I love recruitment because I love people and their differences, and businesses and their challenges.

I love recruitment because it pays me to be involved with people in one of the most important aspects of their lives, their careers and their businesses. I get paid to do what I love. Corny, maybe, conveniently truthful – absolutely!

Do what you love. When you love your work, you become the best worker in the world.
Uri Geller

Recruiters are dead…long live Recruiters!

I often get asked by the slightly less experienced and slightly more nervous recruiters I meet (online or offline), how we can compete with corporate recruiters and all the latest DIY social recruiting tools and my answer is 2 fold:

1-      Do NOT compete with them. Not directly anyway. You must always understand your market and build a valuable niche and service for it.

As agency recruiters we provide an outsource service and by default as a service provider we do things people either don’t want to do themselves, do it better than they do, or more efficiently or all 3 in various combinations.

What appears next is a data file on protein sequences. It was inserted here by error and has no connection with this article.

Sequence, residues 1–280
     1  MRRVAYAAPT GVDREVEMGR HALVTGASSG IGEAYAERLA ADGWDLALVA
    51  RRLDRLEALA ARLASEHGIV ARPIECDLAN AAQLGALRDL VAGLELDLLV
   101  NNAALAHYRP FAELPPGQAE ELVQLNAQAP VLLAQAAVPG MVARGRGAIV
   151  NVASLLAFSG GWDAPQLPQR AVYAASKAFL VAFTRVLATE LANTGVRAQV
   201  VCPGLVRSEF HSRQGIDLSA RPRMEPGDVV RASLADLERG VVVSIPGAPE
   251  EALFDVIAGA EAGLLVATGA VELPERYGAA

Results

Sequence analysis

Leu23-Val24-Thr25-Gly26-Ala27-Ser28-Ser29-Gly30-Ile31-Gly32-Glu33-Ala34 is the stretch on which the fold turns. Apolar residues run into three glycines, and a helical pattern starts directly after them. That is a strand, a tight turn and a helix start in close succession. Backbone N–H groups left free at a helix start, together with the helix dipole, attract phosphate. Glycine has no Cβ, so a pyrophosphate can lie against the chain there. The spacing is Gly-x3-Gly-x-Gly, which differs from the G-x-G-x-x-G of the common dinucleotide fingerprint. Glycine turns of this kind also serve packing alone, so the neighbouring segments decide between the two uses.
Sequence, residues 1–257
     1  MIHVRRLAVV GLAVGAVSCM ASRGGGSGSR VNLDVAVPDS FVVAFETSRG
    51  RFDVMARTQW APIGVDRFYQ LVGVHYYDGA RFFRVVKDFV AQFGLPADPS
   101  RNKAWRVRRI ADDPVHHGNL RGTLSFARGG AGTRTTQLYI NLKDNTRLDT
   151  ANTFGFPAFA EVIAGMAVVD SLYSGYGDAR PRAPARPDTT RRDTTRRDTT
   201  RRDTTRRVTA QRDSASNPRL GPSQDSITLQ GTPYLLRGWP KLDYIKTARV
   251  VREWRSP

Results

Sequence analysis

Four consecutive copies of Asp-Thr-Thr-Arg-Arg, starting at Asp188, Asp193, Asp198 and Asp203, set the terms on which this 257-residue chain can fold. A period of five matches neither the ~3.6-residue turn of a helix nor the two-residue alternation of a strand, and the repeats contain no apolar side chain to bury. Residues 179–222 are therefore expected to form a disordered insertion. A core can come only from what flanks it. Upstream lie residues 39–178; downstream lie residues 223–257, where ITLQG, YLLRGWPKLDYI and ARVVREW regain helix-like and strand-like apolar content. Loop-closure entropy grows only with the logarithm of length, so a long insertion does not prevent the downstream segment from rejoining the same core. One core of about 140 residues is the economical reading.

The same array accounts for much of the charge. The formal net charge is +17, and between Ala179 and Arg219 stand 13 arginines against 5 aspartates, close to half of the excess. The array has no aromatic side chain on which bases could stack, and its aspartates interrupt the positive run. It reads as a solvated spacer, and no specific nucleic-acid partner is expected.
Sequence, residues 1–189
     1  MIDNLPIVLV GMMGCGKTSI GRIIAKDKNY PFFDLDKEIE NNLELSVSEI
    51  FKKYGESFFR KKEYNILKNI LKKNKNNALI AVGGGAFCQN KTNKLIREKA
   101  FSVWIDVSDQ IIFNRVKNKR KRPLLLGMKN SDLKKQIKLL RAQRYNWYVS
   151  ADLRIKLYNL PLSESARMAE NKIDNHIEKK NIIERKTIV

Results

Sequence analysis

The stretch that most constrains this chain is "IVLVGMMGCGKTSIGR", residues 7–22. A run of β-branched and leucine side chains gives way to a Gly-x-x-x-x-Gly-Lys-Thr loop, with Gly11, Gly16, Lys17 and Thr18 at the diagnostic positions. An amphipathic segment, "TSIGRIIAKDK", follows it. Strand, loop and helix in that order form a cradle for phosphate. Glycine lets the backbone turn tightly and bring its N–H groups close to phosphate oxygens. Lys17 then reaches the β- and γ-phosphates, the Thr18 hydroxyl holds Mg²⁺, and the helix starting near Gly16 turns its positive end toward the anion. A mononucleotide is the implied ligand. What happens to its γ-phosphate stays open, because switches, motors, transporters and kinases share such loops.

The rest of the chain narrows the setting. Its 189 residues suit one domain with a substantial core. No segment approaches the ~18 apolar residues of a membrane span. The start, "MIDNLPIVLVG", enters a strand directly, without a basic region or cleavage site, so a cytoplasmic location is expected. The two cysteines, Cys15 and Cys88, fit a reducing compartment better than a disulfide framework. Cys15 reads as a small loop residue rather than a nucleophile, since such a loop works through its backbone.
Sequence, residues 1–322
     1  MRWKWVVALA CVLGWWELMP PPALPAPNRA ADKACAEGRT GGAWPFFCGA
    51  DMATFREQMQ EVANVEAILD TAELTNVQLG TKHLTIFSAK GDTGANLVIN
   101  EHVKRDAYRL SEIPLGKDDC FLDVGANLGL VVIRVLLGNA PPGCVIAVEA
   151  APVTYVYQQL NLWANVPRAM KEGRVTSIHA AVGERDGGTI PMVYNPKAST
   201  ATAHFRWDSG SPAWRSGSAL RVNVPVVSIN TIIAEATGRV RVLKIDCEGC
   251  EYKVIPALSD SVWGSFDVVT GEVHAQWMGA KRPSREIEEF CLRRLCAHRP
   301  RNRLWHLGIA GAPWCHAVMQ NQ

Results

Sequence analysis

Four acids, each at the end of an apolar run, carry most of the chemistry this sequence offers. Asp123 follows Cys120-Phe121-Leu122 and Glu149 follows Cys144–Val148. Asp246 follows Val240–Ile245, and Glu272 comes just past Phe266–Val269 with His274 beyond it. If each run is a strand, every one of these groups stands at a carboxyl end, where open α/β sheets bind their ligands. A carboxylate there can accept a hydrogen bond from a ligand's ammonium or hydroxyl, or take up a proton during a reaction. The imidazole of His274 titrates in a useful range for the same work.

If you have no Value then you will lose and rightly so. Stop stressing about what others are doing and provide your unique value proposition using a nice mix of deep set knowledge, the best capability/solutions out there, that fits and adapts to the market and its needs…and people will buy it.

A typical example I give is I know plenty of people who, like me, hire tax agents. Now, I know I could do the tax return myself – I have done so (grrrr, rips out hair thinking about it!).

I certainly have the brainpower to go through the necessary government instructions. I also have enough smarts to be able to get a few clever returns but I don’t, I do some of it myself throughout the year and then outsource the big bits I want to.


Well, quite simply I met a Tax agent I liked. He did a good job. I saved myself hours of (what I consider and really no offence here as its meant to highlight I know most non-recruiters would find sourcing boring) boring work I was then able to spend with my wife and it also removed one area of stress from my life. He also found a few things I had missed and got me a better return which helped pay for his service. Also, I knew I was covered by him. Someone had my back.

If, as a recruiter, you can have / provide some, most, if not all of these kind of benefits, you will always be used and valued by many many clients.